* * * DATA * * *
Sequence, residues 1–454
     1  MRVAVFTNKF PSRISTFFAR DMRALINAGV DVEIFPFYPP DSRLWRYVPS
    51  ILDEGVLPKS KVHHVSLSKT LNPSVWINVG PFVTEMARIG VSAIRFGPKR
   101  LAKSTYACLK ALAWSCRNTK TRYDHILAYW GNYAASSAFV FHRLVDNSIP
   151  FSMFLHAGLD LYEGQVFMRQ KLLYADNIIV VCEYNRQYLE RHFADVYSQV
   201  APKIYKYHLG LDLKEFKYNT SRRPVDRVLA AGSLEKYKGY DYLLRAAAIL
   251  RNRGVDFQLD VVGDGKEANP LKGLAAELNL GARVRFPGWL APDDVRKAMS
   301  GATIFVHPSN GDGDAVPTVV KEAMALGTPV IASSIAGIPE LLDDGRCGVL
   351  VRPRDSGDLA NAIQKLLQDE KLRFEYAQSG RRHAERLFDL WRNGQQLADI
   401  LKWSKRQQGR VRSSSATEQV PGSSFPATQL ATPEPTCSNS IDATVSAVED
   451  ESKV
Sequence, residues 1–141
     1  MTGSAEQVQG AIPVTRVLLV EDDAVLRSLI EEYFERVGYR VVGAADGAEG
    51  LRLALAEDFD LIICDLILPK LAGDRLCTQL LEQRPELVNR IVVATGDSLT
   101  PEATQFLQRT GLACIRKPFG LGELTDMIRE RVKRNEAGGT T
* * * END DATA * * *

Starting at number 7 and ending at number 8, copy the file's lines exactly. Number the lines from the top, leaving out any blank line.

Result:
   251  RNRGVDFQLD VVGDGKEANP LKGLAAELNL GARVRFPGWL APDDVRKAMS
   301  GATIFVHPSN GDGDAVPTVV KEAMALGTPV IASSIAGIPE LLDDGRCGVL